The internet is filled with chatter about the Canine Osteosarcoma Vaccine, a promising new immunotherapy that can help a dog’s body fight back against metastasis. But like many things found on the web, there is also a great deal of misinformation about the treatment. We want to clear up the confusion, so we turned to Dr. Andrew Vaughan DVM, MS ACVIM (Oncology) of the Las Vegas Veterinary Specialty Center.
Dogs are Living Longer with New Treatment
Recently we told you about Dexter, who was one of the earliest participants in the Canine Osteosarcoma Vaccine clinical trial. Dexter has thrived while under the care of the scientist who developed it, Dr, Nicola J. Mason, BVetMed, PhD, assistant professor of medicine and pathobiology at the University of Pennsylvania School of Veterinary Medicine.
Thanks to Dr. Mason’s groundbreaking research, Dexter is now an incredible five years past his bone cancer diagnosis and still going strong. The astonishing treatment results of Dexter and many others who participated in the original study helped to move the treatment into the next step of research.
Late last year, the United States Department of Agriculture (USDA) Center for Veterinary Biologics granted conditional approval for the vaccine’s manufacturer, Aratana, to conduct an extended field clinical study in 2018 at about two dozen veterinary oncology practice groups across the United States. The final results of this study may support a regulatory (USDA) filing for full licensure of the vaccine.
The Canine Osteosarcoma Vaccine Facts
The extended field clinical study is slowly taking shape but it will be several weeks until all two dozen oncology clinics join the Las Vegas Veterinary Specialty Center in treating new patients with the vaccine.
One of Dr. Vaughan’s new patients is Bowie, the beautiful retired racing greyhound shown in the video. During Bowie’s appointment we had the opportunity to learn the basic Canine Osteosarcoma Vaccine facts and now we want to share them with you. Sit back to learn more from Dr. Vaughan:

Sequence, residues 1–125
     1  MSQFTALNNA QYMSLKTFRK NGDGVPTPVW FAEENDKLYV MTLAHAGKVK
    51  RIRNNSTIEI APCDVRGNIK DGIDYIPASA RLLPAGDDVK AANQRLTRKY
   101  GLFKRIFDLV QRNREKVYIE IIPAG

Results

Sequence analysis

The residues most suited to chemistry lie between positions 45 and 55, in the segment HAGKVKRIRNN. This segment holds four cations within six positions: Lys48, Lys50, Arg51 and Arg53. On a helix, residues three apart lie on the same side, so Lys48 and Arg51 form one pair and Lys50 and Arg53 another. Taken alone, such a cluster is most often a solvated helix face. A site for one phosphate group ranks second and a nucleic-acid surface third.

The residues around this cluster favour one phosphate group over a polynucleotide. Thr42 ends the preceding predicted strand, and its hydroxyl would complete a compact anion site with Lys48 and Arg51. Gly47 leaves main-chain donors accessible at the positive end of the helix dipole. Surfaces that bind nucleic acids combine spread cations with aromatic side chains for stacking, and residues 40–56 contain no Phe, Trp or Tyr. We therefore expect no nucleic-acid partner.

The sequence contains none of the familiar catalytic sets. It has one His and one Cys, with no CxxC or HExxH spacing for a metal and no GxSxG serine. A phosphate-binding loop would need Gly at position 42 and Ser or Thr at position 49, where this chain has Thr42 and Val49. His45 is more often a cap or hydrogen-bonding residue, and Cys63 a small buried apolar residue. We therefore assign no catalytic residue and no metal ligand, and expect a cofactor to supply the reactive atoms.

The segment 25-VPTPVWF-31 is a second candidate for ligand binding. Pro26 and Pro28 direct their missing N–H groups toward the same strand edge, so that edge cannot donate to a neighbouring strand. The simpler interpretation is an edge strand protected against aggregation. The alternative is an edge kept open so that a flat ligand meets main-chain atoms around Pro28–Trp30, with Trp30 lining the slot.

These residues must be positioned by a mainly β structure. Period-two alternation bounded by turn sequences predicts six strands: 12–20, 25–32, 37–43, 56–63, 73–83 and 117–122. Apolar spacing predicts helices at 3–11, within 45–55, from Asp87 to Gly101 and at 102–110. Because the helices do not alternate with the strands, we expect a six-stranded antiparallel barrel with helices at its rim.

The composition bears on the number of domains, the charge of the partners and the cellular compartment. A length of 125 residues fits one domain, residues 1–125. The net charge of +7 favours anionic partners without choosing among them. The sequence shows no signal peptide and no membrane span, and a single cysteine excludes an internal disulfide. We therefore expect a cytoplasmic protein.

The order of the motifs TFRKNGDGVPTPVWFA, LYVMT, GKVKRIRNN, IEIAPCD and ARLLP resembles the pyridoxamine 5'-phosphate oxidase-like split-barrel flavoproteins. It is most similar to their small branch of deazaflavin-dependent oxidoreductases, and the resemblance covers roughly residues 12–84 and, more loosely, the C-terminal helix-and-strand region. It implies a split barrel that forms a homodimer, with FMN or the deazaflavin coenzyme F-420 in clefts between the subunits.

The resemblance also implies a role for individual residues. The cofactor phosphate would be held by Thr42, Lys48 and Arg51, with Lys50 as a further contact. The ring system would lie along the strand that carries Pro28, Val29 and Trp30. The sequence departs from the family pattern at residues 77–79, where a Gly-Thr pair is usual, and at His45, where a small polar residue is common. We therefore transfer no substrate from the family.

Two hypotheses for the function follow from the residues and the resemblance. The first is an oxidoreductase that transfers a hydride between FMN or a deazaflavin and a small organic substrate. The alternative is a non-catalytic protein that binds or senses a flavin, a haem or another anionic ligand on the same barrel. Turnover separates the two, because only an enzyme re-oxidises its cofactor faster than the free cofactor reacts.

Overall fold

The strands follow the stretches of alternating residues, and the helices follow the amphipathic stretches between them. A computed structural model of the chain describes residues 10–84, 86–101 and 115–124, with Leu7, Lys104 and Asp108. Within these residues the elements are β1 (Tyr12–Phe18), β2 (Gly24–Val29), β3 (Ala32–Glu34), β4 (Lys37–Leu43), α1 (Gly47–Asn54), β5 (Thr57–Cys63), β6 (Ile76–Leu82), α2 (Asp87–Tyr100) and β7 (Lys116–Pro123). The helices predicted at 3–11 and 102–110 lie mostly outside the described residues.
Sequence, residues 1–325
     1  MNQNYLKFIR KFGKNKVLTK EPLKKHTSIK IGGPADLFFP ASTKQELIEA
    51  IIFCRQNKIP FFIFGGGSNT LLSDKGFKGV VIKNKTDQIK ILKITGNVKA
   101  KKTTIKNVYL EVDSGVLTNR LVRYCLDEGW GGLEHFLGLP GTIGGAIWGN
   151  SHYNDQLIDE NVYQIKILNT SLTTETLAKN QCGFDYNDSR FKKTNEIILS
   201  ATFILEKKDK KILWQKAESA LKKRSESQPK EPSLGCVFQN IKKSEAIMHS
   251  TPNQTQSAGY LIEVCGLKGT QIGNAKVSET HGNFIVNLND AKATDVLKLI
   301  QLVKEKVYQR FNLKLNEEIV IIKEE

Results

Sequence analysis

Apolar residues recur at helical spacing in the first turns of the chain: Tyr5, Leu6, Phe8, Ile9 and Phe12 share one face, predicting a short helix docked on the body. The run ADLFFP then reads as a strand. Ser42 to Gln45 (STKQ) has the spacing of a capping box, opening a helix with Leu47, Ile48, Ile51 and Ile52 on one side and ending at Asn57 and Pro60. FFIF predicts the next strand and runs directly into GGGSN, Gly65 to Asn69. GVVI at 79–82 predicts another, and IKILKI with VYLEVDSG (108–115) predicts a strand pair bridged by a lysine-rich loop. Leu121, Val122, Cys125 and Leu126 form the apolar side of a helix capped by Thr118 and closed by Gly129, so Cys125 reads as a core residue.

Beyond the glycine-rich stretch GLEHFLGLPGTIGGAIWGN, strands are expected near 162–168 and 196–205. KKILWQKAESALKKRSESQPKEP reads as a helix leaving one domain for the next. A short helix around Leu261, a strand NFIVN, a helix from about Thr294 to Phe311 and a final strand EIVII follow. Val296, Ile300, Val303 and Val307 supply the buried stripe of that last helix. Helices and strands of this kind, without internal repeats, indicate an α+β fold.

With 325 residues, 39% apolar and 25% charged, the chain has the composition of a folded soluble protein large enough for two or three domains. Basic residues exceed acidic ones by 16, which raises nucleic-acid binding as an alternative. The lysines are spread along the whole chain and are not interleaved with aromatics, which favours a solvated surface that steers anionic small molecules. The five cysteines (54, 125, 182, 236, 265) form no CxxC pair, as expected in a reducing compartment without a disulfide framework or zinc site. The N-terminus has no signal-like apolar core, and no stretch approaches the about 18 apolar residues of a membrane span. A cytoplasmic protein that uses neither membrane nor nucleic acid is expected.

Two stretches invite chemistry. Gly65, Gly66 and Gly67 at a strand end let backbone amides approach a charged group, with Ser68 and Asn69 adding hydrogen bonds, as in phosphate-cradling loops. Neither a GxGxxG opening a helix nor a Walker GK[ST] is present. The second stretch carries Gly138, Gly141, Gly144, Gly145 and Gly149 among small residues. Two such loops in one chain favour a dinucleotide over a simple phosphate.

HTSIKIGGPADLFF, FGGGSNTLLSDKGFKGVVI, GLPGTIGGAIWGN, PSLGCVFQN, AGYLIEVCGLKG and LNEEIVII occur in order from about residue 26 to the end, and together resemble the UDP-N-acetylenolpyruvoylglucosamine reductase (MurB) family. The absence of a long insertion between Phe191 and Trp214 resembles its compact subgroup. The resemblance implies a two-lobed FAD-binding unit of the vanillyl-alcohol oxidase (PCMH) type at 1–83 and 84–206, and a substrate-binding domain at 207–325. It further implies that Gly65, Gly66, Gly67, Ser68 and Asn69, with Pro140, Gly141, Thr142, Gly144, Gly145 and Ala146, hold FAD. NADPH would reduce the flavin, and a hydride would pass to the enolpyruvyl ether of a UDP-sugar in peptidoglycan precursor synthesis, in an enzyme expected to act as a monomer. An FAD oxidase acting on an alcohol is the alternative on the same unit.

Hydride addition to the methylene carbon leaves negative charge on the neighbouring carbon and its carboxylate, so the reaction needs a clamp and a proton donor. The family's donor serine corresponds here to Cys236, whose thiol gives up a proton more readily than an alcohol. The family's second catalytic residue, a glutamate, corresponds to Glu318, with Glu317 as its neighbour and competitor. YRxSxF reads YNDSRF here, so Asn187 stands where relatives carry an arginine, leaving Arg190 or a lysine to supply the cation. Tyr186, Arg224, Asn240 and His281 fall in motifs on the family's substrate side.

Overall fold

What You Need to Know About the Canine Osteosarcoma Vaccine
There are many different types of vaccines. This vaccine will not prevent or cure osteosarcoma.
The Canine Osteosarcoma Vaccine is a therapeutic vaccine. The goal is to stimulate the patient’s immune system to attack the cancer.
Patients receive three separate injections, three weeks apart. The injections don’t take long to administer. Patients must return for a final exam three weeks after the last injection in order to get an “all clear” by the vet.
The injection time is short, but in-clinic monitoring is required to ensure tolerance.
Like any immunotherapy, the vaccine may have potential side effects such as fevers, lethargy and gastro intestinal upset. These reactions are not unusual, they happen whenever a body reacts to the presence of an immuno-stimulant therapy.
Side effects of the Canine Osteosarcoma Vaccine are similar to chemotherapy side effects, but with a slightly higher incidence rate. Most of these issues happen immediately after the treatment is given, while the patient is still in the clinic.
The ideal candidate for the vaccine is an otherwise healthy dog who has undergone amputation and completed a course of chemotherapy for osteosarcoma, such as carboplatin or doxorubicin treatments.
The vaccine does not take the place of amputation or chemotherapy. Scientists don’t know if it ever will, because so far all studies have only involved dogs who had an amputation and chemotherapy. However Dr. Vaughan is confident that over the years, dogs with different osteosarcoma treatment backgrounds (such as those who didn’t undergo amputation) who receive the vaccine will reveal the effectiveness of this treatment in other patient populations.
Can Your Dog Receive the Canine Osteosarcoma Vaccine?
To learn more, ask your veterinary oncologist or call Aratana’s Customer Care team: 1-844-ARATANA (272-8262).